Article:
In Lundell v. Hubbs, No. E2019-02168-COA-R3-CV (Tenn. Ct. App. Nov. 23, 2020), plaintiff worked at an elementary school and regularly volunteered as a bus aide. On the day of her injury, plaintiff was “traversing the aisle of the bus” when she alleged that the bus driver “carelessly and recklessly drove over a speed bump at an unsafe rate of speed, causing her to fall and sustain injuries.”

Plaintiff filed this negligence suit against the driver and the owner/bus line, and defendants filed a motion for summary judgment. Plaintiff responded to the motion and attached to her memorandum a “Declaration of Barbara Lundell,” wherein she explained that she was nervous during her initial deposition and had incorrectly identified where the incident took place. The trial court granted summary judgment to defendants, ruling that plaintiff’s declaration should not be considered, that plaintiff had not shown a breach of duty, and that plaintiff was at least 50% at fault because she “was in the best position to protect herself from the common-sense danger of walking in the aisle of a moving school bus.” On appeal, summary judgment was reversed.

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Where plaintiff and defendant gave differing versions of a car accident, the photographs of the vehicles could be interpreted to support defendant’s version of events, and the jury appeared to credit defendant by finding plaintiff 60% at fault, the Court of Appeals affirmed the jury’s verdict and the trial court’s refusal to grant a new trial.

In Justice v. Gaiter, No. M2019-01299-COA-R3-CV (Tenn. Ct. App. Oct. 15, 2020), plaintiff and defendant were involved in a car accident on December 23rd in heavy traffic near a mall. Defendant was attempting to pull onto a road separating two parking areas when the cars collided. At a jury trial, plaintiff asserted that he was sitting in traffic when he was essentially t-boned by defendant in the driver’s door, and that defendant’s car then slid down the remainder of the driver’s side of plaintiff’s car. Defendant, on the other hand, testified that a car had stopped to let him cross into traffic, that he stuck his fender slightly into the lane he was attempting to merge into, and that he was sitting still when plaintiff’s vehicle failed to stop and hit the corner of defendant’s car. The photographs offered into evidence showed “the scraping on Plaintiff’s car from the driver’s side door to the rear fender” and damage to the front of defendant’s car.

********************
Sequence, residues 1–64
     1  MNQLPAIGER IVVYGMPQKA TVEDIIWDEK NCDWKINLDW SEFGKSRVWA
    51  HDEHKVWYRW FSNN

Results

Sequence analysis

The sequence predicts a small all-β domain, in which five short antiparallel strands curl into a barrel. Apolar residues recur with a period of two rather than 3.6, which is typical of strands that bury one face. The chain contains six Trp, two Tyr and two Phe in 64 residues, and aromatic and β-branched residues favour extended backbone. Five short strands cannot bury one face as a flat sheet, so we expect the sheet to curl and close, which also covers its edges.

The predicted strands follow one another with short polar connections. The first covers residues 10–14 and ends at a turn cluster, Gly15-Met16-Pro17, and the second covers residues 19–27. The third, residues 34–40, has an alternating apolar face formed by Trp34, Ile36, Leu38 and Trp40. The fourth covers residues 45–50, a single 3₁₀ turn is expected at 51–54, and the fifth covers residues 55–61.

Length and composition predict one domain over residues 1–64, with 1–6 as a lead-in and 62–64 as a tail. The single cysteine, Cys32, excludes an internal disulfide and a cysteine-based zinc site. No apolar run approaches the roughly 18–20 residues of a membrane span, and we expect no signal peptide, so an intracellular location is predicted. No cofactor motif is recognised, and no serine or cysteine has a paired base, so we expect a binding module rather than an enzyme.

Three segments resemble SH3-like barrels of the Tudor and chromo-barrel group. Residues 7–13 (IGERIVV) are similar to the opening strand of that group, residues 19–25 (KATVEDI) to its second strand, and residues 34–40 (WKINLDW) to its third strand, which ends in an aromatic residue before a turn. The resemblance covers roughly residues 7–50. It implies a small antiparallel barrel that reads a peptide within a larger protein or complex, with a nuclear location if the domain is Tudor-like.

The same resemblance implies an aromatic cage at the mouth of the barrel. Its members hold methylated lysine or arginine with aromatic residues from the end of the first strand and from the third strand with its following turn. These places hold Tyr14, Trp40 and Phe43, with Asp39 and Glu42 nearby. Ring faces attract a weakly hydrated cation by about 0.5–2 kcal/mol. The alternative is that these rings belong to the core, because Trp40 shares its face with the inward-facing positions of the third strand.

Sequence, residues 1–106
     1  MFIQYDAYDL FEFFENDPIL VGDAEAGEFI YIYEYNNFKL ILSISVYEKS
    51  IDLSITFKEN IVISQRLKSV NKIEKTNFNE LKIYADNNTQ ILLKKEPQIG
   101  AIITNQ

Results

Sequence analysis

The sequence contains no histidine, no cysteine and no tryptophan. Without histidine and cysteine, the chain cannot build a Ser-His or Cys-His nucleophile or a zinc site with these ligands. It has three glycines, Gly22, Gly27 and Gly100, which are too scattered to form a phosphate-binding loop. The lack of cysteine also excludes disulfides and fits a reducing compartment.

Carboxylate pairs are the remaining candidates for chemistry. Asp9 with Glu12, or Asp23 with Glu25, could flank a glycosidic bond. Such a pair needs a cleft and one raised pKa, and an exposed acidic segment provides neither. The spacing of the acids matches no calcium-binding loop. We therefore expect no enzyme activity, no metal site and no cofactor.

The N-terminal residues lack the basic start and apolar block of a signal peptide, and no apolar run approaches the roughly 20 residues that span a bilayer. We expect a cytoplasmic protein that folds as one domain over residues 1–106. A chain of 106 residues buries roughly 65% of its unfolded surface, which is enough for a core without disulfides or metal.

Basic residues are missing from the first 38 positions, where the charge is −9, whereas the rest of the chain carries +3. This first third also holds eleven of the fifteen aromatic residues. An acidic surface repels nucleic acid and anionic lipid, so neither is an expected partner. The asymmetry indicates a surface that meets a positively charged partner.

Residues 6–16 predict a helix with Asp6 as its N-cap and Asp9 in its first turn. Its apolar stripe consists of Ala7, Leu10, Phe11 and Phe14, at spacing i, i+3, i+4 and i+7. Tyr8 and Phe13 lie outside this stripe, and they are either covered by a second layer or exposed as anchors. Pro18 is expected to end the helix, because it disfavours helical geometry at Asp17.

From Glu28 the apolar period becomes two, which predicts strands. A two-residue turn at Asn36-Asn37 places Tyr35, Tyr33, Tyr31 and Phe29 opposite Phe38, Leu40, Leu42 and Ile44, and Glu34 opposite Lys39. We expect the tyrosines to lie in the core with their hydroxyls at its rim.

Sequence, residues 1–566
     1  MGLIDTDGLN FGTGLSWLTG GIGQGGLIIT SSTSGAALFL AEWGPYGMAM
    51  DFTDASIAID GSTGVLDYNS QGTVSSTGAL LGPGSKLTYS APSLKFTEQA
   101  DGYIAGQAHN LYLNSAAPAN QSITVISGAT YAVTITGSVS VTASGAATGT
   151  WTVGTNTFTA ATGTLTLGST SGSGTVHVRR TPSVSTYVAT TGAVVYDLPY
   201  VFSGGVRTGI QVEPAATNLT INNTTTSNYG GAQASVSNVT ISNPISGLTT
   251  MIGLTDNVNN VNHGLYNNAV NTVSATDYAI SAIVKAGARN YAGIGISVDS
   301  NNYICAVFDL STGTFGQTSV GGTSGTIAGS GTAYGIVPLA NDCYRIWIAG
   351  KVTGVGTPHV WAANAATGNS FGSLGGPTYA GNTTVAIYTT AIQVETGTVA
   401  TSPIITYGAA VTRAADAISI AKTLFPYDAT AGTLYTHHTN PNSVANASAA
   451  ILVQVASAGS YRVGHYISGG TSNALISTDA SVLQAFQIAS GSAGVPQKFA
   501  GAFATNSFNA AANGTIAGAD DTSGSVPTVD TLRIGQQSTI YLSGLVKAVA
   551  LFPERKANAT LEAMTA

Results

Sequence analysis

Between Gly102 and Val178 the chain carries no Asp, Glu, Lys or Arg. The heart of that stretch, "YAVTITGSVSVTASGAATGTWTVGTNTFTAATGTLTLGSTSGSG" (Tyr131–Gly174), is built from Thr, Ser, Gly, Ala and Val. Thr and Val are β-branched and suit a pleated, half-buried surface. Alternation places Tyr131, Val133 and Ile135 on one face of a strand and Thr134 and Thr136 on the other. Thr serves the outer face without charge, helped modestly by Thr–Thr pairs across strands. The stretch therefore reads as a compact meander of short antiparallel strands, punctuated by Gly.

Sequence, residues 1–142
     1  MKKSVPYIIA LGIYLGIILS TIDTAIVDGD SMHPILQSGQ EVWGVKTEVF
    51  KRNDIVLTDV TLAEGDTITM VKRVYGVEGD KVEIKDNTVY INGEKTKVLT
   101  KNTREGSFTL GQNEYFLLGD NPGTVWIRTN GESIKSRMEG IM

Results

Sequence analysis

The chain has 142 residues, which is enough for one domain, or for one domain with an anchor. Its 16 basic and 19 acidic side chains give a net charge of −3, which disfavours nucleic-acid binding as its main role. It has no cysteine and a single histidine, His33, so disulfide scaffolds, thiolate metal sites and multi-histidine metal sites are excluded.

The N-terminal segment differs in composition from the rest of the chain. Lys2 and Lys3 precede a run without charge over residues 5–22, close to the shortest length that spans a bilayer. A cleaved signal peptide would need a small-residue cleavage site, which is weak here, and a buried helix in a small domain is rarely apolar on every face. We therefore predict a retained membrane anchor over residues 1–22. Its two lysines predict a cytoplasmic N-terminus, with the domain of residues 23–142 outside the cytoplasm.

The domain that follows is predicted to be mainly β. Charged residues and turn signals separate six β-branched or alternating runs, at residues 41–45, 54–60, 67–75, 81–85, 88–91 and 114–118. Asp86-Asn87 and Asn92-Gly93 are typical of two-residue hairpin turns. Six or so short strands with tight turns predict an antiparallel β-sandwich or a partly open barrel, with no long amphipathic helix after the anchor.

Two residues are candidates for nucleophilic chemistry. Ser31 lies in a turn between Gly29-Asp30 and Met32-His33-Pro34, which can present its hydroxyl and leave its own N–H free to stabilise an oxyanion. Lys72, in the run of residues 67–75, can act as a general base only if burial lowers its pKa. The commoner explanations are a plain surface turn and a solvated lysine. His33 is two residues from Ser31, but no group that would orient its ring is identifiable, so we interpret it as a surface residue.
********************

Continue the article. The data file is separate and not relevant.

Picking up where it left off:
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Where defendant pharmacists alleged comparative fault against a doctor and filed a certificate of good faith that complied with all the necessary requirements of the statute, the trial court’s decision to deny sanctions based on the allegation that the “certificate of good faith was supported by the written statement of an incompetent expert witness” was affirmed, even though the doctor’s motion for summary judgment had been successful. The Court of Appeals explained that “nothing in the express language of section 29-26-122 requires that a party asserting fault against another guarantee that his or her expert is competent or that the claim will ultimately prevail.”